Readings by Creative Writing Adjunct Faculty
Friday, September 21, 2018
Readings by Adjunct Faculty
4:00 p.m., Jones Room (3rd floor, Woodruff Library)
Reception and Booksigning to Follow
Emily Banks is a doctoral candidate in Emory's Department of English, where she studies 19th-20th century American women's literature. She holds a BA from UNC-Chapel Hill and an MFA from the University of Maryland. Her poems have appeared in numerous journals including storySouth, Muse/A Journal, Free State Review, Cimarron Review, Yemassee, New Orleans Review, and Pembroke Magazine.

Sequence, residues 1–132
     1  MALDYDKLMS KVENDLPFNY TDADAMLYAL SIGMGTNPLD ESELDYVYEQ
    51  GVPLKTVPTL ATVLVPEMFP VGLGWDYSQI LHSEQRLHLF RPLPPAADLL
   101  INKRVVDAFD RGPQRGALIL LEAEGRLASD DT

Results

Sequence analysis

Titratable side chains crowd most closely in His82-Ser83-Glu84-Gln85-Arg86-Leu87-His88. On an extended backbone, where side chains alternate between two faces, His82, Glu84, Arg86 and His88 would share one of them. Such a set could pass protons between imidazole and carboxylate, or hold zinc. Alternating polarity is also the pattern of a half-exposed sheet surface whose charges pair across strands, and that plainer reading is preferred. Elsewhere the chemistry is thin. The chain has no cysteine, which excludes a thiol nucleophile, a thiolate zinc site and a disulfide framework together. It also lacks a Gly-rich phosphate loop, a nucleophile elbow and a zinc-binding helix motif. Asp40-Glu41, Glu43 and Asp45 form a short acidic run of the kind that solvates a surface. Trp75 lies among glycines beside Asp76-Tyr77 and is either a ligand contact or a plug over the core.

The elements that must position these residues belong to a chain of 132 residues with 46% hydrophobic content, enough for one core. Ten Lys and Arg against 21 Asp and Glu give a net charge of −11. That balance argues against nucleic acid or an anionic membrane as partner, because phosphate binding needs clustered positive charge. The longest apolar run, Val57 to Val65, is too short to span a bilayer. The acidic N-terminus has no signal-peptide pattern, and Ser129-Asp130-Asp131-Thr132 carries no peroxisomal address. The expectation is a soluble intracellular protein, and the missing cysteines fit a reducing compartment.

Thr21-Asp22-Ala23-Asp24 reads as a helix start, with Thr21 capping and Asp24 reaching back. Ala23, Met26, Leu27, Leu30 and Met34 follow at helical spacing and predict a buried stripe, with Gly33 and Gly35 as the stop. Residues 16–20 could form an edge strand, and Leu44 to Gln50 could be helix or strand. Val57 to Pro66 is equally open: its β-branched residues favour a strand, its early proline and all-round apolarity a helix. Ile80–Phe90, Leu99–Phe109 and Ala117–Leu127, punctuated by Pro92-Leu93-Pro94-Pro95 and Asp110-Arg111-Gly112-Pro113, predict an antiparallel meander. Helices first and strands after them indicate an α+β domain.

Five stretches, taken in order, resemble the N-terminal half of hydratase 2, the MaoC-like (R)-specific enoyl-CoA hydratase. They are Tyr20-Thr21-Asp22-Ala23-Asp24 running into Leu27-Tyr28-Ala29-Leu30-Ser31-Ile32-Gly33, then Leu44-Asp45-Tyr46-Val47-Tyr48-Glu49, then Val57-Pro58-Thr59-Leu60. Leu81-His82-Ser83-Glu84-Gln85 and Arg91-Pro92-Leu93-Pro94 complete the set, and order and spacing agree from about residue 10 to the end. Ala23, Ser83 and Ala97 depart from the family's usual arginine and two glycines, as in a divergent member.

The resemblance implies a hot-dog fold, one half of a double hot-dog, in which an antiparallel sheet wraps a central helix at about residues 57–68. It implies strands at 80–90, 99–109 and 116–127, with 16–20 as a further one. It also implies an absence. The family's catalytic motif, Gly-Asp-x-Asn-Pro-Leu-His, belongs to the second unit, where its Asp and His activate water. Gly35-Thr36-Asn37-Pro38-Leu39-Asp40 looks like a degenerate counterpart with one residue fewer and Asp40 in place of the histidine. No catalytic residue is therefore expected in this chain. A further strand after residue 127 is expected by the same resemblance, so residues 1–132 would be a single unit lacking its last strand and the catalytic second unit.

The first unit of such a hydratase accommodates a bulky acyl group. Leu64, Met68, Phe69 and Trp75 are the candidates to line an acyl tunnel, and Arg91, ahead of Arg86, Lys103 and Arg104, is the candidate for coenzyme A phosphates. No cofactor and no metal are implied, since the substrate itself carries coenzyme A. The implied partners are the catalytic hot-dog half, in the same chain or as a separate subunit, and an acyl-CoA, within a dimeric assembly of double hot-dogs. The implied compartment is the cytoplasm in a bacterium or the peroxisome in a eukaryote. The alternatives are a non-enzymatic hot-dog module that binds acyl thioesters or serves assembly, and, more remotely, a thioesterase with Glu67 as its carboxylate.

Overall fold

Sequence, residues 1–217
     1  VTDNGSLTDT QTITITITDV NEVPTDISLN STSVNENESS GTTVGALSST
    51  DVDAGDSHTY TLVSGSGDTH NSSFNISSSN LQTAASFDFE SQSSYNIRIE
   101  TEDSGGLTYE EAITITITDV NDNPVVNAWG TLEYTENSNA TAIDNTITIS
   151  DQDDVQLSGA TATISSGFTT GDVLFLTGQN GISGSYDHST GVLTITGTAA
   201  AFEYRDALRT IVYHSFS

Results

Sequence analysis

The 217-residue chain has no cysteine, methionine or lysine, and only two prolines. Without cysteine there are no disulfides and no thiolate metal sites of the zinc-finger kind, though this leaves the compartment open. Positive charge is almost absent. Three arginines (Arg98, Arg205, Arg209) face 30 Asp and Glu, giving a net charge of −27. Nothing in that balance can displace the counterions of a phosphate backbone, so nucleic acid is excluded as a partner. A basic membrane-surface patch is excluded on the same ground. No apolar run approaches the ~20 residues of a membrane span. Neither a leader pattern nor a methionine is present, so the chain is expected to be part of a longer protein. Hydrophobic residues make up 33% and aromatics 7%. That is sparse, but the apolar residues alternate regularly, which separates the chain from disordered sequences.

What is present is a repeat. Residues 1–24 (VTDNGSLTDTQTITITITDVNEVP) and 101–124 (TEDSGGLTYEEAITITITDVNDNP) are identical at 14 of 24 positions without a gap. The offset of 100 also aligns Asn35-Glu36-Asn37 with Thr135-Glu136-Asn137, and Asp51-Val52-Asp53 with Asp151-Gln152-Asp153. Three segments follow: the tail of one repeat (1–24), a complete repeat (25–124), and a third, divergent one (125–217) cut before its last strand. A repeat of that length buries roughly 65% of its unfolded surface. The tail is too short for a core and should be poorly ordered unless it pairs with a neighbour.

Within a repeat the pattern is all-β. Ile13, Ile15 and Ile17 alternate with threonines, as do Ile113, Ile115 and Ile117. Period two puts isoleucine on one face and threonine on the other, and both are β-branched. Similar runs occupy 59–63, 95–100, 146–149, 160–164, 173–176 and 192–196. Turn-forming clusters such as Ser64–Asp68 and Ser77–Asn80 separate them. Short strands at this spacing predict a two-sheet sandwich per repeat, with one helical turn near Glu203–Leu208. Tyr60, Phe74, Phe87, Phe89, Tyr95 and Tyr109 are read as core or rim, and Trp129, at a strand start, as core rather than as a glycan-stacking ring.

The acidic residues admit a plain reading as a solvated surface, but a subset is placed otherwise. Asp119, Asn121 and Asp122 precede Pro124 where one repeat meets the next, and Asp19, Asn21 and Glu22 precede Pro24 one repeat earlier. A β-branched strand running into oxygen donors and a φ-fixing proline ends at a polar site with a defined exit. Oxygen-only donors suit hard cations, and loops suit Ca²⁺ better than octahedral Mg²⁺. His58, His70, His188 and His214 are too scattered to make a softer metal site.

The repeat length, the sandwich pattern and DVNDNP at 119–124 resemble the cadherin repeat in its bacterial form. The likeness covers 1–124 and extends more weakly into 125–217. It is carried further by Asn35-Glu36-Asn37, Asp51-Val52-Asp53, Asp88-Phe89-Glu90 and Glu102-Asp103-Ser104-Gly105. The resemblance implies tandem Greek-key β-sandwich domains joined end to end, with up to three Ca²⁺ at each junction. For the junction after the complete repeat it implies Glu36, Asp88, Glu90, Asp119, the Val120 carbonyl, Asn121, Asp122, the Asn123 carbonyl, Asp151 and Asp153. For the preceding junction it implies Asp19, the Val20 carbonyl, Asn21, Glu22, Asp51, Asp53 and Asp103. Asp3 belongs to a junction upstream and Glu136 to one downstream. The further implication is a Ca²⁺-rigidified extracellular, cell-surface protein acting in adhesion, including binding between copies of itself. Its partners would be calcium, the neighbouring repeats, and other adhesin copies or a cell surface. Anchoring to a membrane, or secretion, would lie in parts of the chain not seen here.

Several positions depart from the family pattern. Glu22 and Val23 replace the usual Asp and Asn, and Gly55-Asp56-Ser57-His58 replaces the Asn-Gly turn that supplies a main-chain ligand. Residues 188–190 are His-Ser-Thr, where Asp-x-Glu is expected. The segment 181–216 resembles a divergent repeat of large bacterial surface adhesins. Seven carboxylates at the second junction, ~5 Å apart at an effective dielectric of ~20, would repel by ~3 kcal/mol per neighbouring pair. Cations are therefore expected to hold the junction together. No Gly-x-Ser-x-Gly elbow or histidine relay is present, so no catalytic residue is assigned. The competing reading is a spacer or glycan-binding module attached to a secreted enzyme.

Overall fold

Amy Belk received her M.F.A. in Creative Writing (Fiction) in 2007 from Iowa Writers' Workshop, where she was awarded the Richard Yates Prize for Fiction. Her short stories have appeared in Fiction, Epoch, Eyeshot, and Off Assignment. Belk co-wrote the feature film I Used to be Darker, which premiered at Sundance and the Berlinale in 2013, received Best Narrative Feature at the Atlanta Film Festival that year, and was released theatrically by Strand Releasing in the U.S. and ED Distribution in France. She and director Matthew Porterfield received a 2012 Creative Capital Grant for another feature, Sollers Point, based on a short story they wrote together, which premiered at the San Sebastian International Film Festival in 2017, the Maryland Film Festival in 2018, and was released theatrically by Oscilloscope.